Where We’re At

As most of you know, my family just spent four months buying as close to no plastic as we possibly could. Our “experiment” was an extremely successful primer in simple living, one that we continue to be instructed by. We are much changed. So what does life look like now that the rules have been lifted?

Well, I’m still making soft cheeses like chevre and ricotta. I make our yogurt and sour cream. I’ve started buying hard cheeses like jack and cheddar from a local source. Yes, it’s packaged in plastic. But it’s organic and local, and while I might have avoided personally creating trash when I bought cheese from the grocery deli in my own container, I noticed they wrapped the (non-local, non-organic) cheese right back up in a fresh piece of plastic wrap after serving me. So that’s one change.

I’m still making our tortillas, bread products, and crackers. I did buy a can of tomatoes, which is lined in a BPA containing plastic. My first canned product in ages. It felt…kind of sinful and unnecessary, but also kind of wonderful. Oh, and we’ve been having a bit of a strawberry  feast for the last couple weeks. Just couldn’t wait for their local season after so long eating home preserved apples all winter. They are wonderful, and I vacillate between disgust at the plastic cartons piling up in our normally empty trash and pleasure in my daughter’s pleasure. Hopefully she’ll get sick of them soon.

Some folks might wonder, why not keep going the way we have been? For us, that’s not an option. We have cars to maintain, a house to hold together, bodies to nurture, and a growing child to care for. As I’ve learned in the last few months, this requires very, very little plastic. But it does require some, and we’d be lying if we said we didn’t need it. Also, we have a growing commitment to local foods–I want to try to get as much as 4/5ths of our fare from local sources this summer, and sometimes this means choosing plastic packaging over a non local, unpackaged food. I’ve struggled with this for the duration of our fast, but am now ready to switch my priorities just slightly so that local takes precedence.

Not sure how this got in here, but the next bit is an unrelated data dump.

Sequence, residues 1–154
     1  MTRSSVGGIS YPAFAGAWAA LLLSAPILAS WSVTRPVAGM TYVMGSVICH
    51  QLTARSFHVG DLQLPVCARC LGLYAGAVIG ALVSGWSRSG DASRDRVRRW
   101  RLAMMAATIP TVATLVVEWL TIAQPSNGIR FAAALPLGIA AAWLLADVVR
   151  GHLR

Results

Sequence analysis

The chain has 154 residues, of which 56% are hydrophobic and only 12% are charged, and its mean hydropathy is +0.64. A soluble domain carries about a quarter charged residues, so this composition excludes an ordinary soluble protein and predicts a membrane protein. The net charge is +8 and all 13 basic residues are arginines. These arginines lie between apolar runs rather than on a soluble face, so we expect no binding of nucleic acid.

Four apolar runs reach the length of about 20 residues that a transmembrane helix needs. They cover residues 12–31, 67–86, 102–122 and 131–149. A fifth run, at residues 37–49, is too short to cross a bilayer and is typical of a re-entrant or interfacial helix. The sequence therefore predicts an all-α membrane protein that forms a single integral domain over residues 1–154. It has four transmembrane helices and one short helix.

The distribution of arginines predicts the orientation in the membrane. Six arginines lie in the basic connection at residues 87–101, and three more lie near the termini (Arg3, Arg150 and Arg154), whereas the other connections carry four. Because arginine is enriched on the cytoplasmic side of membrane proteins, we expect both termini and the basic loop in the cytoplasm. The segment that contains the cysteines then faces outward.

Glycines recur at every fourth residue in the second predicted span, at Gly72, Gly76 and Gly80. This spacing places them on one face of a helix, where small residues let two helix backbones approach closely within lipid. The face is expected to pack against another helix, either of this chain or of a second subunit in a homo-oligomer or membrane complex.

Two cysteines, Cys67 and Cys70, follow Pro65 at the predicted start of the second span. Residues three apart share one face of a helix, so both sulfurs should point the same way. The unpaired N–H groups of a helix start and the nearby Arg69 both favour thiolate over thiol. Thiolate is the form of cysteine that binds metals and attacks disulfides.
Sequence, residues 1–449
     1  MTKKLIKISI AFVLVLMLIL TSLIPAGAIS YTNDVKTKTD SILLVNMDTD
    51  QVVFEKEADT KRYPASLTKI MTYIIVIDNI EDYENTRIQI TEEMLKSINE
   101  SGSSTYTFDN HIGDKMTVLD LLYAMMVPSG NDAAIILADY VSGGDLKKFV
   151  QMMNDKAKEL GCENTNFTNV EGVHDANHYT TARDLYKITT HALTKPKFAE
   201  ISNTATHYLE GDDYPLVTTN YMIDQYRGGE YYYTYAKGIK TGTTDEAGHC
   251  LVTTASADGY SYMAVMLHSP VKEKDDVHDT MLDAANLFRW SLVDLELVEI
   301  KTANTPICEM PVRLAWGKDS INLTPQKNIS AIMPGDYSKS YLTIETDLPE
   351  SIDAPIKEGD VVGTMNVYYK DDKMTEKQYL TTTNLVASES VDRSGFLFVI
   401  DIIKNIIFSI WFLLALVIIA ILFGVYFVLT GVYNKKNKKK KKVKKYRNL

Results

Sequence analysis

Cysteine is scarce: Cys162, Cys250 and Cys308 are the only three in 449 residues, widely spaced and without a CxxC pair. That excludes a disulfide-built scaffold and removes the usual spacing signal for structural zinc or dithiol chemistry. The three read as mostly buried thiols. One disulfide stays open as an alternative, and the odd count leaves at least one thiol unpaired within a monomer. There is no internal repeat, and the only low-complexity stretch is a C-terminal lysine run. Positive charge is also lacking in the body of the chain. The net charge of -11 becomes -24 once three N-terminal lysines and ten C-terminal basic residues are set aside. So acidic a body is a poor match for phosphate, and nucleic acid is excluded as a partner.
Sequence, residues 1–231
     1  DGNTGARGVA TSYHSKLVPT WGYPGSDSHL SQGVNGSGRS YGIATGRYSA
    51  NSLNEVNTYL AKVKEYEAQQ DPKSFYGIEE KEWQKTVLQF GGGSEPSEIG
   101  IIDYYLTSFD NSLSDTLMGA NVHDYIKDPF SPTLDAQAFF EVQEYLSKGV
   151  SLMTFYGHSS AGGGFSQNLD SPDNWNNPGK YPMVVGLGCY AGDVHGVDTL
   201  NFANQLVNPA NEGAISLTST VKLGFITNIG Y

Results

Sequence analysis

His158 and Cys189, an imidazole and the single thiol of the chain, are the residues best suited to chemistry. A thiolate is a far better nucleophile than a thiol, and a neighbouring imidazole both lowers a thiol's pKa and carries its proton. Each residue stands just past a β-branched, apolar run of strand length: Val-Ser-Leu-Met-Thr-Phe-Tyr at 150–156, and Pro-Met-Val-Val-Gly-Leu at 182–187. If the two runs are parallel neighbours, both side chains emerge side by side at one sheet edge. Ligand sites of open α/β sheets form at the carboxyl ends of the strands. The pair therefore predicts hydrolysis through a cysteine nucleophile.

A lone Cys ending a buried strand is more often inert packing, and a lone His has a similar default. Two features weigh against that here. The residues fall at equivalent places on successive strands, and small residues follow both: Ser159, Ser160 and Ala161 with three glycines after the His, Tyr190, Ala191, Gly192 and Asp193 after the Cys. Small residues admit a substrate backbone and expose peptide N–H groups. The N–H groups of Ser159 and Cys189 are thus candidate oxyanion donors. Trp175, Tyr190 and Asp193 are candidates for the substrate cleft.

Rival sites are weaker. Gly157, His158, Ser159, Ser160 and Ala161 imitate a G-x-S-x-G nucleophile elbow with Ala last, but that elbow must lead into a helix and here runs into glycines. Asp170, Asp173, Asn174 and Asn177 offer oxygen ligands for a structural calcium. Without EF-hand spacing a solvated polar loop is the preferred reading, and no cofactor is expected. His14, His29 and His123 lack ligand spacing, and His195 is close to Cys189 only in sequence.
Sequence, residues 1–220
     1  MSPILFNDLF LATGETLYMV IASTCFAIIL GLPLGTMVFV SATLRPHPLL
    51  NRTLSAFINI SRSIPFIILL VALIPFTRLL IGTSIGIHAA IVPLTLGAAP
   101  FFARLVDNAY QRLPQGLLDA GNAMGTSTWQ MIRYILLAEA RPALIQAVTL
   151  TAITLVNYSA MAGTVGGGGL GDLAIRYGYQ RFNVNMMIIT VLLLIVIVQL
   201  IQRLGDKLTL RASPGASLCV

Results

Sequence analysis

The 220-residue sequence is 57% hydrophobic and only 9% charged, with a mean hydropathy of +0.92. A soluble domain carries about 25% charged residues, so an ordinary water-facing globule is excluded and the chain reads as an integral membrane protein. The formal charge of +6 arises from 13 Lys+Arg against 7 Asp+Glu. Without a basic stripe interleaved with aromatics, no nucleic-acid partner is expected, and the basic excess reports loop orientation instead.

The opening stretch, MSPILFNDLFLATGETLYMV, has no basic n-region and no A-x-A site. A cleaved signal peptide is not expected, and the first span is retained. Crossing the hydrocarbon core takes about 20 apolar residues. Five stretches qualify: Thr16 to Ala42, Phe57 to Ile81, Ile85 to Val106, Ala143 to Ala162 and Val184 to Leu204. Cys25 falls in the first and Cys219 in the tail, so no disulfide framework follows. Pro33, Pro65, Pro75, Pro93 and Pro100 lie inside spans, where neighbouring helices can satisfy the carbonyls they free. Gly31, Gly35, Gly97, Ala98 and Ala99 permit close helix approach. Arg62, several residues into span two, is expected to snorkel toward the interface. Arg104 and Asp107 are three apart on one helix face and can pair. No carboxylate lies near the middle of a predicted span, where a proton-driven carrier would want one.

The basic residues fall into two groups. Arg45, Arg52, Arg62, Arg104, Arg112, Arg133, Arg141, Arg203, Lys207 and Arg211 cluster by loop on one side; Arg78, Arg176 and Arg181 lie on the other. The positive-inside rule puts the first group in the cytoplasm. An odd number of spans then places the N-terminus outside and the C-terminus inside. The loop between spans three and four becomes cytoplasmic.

So, basically we are continuing to implement our new ways of living, and ending the rigidity of the actual fast. In my mind I’ve devised an elaborate flow chart that helps me to decide when a plastic purchase is appropriate.

I ask myself: Do I really need this?

No: Don’t buy it. Yes: Am I sure?

No: Try to go without for awhile. Yes: Is an alternative available?

Yes: Buy the alternative. No: Am I sure?

No: Look around more. Yes: Ask,

Will this help us to live more ecologically overall? How durable is the plastic? How much can it be reused before being thrown away? Can it be found secondhand? Will it bring us joy, encourage creativity, enhance our life in a way that is ultimately responsible?

Things that we’ll probably be buying in the near future are: drip irrigation supplies, glass storage containers with plastic lids, a bottle of oil lamp fuel, fixtures for the gutters we are installing this spring, and key ingredients that help us to cook from scratch and reduce our packaging waste overall. Assuming of course, that these things meet the criteria laid out above (i.e. no alternative available). Still, there are lot’s of things a four month plastic fast won’t give you a chance to run out of–I’m just now starting to wonder about craft paste in a glass jar, and a refillable ink pen. It’s things like this that we’ll continue to investigate and incorporate into our lives.

So the journey continues to discover what we really need, and how we can best acquire it. Thanks for coming along with us.